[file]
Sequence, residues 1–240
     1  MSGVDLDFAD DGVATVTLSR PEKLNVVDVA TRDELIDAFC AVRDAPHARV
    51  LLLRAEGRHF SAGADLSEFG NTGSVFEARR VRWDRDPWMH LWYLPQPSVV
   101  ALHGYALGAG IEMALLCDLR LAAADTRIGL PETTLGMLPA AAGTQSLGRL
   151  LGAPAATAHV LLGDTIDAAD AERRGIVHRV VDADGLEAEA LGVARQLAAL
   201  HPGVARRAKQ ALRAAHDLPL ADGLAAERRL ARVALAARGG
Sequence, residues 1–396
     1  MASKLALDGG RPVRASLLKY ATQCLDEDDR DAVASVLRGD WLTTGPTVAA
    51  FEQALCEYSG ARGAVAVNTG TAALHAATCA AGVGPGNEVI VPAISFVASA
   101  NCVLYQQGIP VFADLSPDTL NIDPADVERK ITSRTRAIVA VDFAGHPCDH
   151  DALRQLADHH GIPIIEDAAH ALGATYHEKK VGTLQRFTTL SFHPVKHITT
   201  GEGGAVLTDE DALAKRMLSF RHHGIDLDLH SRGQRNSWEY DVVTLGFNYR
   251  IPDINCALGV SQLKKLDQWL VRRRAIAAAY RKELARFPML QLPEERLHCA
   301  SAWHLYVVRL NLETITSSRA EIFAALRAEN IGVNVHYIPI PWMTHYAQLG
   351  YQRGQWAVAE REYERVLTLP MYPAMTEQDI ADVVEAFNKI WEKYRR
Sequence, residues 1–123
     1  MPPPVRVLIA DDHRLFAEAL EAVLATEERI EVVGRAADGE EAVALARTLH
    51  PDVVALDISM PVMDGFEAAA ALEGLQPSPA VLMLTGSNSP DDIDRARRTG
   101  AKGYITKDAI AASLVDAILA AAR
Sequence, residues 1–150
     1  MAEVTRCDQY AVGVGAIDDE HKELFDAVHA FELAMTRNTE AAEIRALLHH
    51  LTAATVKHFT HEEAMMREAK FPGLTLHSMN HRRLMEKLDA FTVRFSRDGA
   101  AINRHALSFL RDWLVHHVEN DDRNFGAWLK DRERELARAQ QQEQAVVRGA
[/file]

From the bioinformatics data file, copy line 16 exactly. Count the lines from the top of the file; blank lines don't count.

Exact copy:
Sequence, residues 1–123